Free market theory argues that hedge funds,…currency speculation, private equity firms and the other obscene money making machines are somehow vital to…the economy…. [This] is a joke. They contribute nothing…and are merely a means by which the super-rich get even richer. Real economic wealth is created by the working class who…create the goods and services that are vital to society…

(from Hedging their Bets, DA39 summer 2007)

Almost totally lacking in regulation – that is, until the recent “stable door bolting” emergency restrictions against “short selling” and betting on declines in financial markets – hedge funds and their ilk have constantly moved trillions of dollars around the globe searching for ever higher returns and leaving economic chaos in their wake. And so it has proven yet again.

Economic uncertainty, which had rumbled on for over a year, spilt spectacularly back into the headlines at the end of September, when the free market dream was abruptly brought crashing to its knees on both sides of the Atlantic. As the world financial system melts down and the economy convulses in response, the resulting shock waves will no doubt be felt far and wide for years to come.

The ensuing chaos in the banking sector has brought a rash of institutional failures and state backed rescue deals involving astronomical sums of public money to find what could become the biggest bail out in history. Meanwhile, although markets may not actually be paying attention to our advice to “never trust a politician” (DA41), Brown and co’s calls for calm and assurances of stability have certainly gone unheeded – at least before the bail out.

Now the same super-rich elite that profited from the collapses in the likes of Russia and Asia during the 1990s have once more disappeared over the hill with billions. This time, however, it is those western economies that sit at the very heart of the modern imperialist web that are taking the hit. How this is going to play out in terms of the dominant ideology within capitalism remains to be seen. But some shift in the balance between state intervention (or “socialism” as some knuckle headed U.S. Republicans would call it) and free market laissez faire-y land seems inevitable.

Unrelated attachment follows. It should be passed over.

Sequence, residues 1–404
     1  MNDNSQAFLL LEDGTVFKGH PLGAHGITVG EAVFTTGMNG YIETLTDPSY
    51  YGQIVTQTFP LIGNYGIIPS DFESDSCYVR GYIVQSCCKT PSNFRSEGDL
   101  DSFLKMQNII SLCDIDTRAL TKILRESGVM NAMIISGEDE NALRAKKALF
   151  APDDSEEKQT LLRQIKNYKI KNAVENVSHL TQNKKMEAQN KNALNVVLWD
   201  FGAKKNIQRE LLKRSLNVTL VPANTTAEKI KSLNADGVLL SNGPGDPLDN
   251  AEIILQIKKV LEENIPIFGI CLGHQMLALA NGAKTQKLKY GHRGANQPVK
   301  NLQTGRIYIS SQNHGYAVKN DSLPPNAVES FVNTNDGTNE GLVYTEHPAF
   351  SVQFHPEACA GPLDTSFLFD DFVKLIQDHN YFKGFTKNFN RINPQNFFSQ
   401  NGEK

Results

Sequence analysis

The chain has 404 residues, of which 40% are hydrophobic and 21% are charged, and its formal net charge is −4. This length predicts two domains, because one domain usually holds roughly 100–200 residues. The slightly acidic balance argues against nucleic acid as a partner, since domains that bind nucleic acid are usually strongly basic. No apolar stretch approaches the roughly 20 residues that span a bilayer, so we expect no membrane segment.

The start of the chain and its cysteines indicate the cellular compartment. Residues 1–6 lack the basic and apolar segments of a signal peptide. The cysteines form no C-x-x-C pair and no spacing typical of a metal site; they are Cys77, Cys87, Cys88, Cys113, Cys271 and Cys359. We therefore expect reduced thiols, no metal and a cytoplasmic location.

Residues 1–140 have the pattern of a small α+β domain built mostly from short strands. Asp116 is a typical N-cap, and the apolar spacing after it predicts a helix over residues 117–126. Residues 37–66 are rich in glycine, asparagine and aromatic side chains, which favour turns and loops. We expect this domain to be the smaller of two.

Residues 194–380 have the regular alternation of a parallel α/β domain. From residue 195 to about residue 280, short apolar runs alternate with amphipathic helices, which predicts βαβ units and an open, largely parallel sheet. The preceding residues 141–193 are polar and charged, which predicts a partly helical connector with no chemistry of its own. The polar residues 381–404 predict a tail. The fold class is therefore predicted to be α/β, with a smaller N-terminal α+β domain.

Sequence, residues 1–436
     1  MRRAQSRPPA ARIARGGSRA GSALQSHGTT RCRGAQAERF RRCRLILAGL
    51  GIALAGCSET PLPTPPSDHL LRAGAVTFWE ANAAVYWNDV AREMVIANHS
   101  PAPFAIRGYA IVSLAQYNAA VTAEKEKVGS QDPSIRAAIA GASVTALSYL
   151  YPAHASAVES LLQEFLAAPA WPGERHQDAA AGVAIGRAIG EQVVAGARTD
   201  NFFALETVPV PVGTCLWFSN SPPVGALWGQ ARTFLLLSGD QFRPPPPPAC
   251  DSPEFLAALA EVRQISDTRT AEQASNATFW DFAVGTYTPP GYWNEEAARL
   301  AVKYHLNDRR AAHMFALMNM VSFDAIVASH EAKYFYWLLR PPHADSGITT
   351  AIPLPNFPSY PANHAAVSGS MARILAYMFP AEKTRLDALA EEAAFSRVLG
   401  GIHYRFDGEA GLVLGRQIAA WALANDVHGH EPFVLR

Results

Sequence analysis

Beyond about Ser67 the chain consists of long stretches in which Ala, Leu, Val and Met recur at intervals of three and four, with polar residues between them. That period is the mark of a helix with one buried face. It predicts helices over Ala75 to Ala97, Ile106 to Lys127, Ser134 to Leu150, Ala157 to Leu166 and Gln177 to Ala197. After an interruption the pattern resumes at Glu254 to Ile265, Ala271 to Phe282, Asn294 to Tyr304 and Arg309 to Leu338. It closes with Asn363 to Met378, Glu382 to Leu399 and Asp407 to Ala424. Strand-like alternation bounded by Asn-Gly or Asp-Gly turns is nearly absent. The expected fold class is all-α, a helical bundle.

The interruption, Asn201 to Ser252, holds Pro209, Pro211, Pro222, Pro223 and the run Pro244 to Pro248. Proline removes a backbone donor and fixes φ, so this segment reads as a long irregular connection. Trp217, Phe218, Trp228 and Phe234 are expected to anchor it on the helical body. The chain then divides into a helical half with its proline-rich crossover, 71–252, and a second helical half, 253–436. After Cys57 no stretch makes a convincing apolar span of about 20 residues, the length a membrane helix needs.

Nevertheless, the spiralling cost of the downturn – in the form of soaring prices, rising unemployment, shrinking wage packets and increasing taxation – will yet again be borne by ordinary people. The actions of the hedge fund managers and the other speculators are nothing short of legalised theft; the actions of Bush, Brown and their like in bailing out the banks is nothing les than socialising the losses of private shareholders to protect the obscene profits of their super-rich friends, whose very greed is the root cause of the recession in the first place.

More than ever, these attacks on our living standards underline the need for working class organisation and solidarity in order to mount some resistance to the onslaught. In the longer term, this is the means by which we, as a class, can overcome both the state and the chaos of the market. If nothing else, surely the current crisis is proof enough that capitalism needs to be consigned to the annals of history where it so rightly belongs. Only then will society’s true economic wealth be harnessed, not to chase profit around the globe, but for the benefit of all.

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